Mrs Garland’s lace mittened hands itched to slap the other woman’s smugly smiling face but she manage to restrain herself and instead opened her own fan and waved it languidly in front of her face, trying her best to appear unruffled. ‘Sophia is nineteen,’ she said with a tight lipped smile. ‘There is plenty of time to think about betrothals.’
‘Is there?’ Before Mrs Garland could reply, Mrs Knowles bowed her head and smiled broadly at a passing Marchioness, who stared at her blankly. ‘Such a dear woman,’ she remarked, quite undaunted by the snub. ‘I must send an invitation to our next party.’
‘Perhaps you should,’ Mrs Garland murmured with a dark look. ‘I’m sure she would be delighted to receive it.’
Mrs Knowles smiled. ‘I am sure she would,’ she said before returning again to her favourite topic. ‘And no Eliza tonight?’ she asked with a raised eyebrow. ‘What a pity. I know that my dear Matilda was so looking forward to seeing her. Did I tell you that we are going to engage a governess for her?’
Mrs Garland turned to her in astonishment. ‘A governess? For Matilda?’ she echoed. ‘Whatever for?’ She looked across to where a very bored looking Miss Matilda Knowles was currently dancing without the slightest appearance of enthusiasm with a buck toothed young curate and thought that it would take more than a few French and watercolour lessons to make that mousy haired young lady a social success.
‘My dear Arabella!’ Mrs Knowles exclaimed with a titter, clearly delighted to have scored a point against her rival. ‘Did you not know that governesses are all the rage again? All the best families have them for their girls these days.’
‘Oh,’ Mrs Garland murmured, her mind suddenly working more rapidly than usual as she both took in this interesting piece of information and also tried to recover herself. ‘Of course I knew that, I was just surprised that you are considering engaging one for Matilda.’ She looked again at Miss Matilda who was now yawning without any attempt at concealment as the curate earnestly carried on trying to engage her in conversation. Well, maybe some lessons in manners and deportment wouldn’t be entirely amiss.
‘Are you?’ Mrs Knowles looked a little put out. ‘I don’t see why it should be such a great surprise, madam. After all, Phoebe is probably about to make a most advantageous match and so of course we are now thinking about how best to improve Matilda’s chances.’ She turned her critical eyes upon Sophia Garland, who was dancing up the line hand in hand with the farmer’s son and laughing at something he had just leaned forward to whisper to her. ‘After all, we all know that eligible young men are in short supply and must do everything we can to give our girls an advantage.’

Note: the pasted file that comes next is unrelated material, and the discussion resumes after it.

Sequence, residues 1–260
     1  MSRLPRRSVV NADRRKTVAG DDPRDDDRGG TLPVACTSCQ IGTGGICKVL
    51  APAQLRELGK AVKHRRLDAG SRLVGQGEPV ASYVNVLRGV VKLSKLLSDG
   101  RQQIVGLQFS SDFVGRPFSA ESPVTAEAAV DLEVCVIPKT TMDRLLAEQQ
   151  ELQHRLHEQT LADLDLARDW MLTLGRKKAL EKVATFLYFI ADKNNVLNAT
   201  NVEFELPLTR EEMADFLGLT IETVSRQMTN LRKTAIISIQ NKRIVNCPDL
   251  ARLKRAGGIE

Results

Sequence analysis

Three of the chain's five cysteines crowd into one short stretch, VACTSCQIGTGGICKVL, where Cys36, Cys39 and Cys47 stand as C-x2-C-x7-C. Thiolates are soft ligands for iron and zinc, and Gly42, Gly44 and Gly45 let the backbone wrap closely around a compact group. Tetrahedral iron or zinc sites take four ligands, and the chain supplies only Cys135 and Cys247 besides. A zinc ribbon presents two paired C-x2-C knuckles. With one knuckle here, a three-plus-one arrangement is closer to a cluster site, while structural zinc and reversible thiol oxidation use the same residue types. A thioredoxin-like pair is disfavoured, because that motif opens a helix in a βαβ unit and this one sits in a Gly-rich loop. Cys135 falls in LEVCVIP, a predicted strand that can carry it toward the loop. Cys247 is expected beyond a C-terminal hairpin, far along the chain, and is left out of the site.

Before Mrs Garland, who felt utterly exhausted and beleaguered after this conversation had a chance to reply, the music came to an end and the dancers made their way off the dance floor as the orchestra who sat in the balcony above rose to their feet and applauded them. She pinned a complacent smile to her face as her lovely Sophia came towards her, arm in arm with dusky haired Phoebe Knowles on one side and Matilda on the other. Despite her feelings of simmering mistrust and rage towards their mother, she had to admit to herself that the trio of girls made a lovely sight with their glowing, smiling faces leaning towards each other and their full pink, white and yellow muslin and silk skirts swaying together as they half walked, half skipped back to their mothers, who watched them jealously as they approached, envying their good looks, their youth and their confidence.
‘Did you enjoy your dance with Mr Devereux, my dear?’ Mrs Knowles asked her eldest daughter with a sly, sidelong look at Mrs Garland, who pretended not to hear.
Phoebe shrugged indifferently. ‘It was much the same as always,’ she responded without enthusiasm before realising that her Mama was clearly expecting a little more information and carrying on with a roll of her wide brown eyes. ‘He talked about the weather, the price of wine, how much his new waistcoat cost and how much it was pinching him and about how he really thinks that young men these days don’t make enough effort with their appearance.’
Sophia snorted with laughter, which she hastily repressed when Mrs Knowles turned her dark gaze upon her. ‘And how did you enjoy your dance with Tom Parkins, Miss Garland?’ she asked in dangerously silky tones.
‘Very well indeed, ma’am,’ Sophia briskly replied, her expression making it plain that she found the question both impertinent and annoying. She shared her mother’s impression of Mrs Knowles but was far less inclined to keep the peace, much to the amusement of the other girls and the mingled pride and dread of Mrs Garland who was torn between delight that Sophia disliked Mrs Knowles as much as she did and irritation that she was continually called upon to soothe that lady when one of Sophia’s darts went home.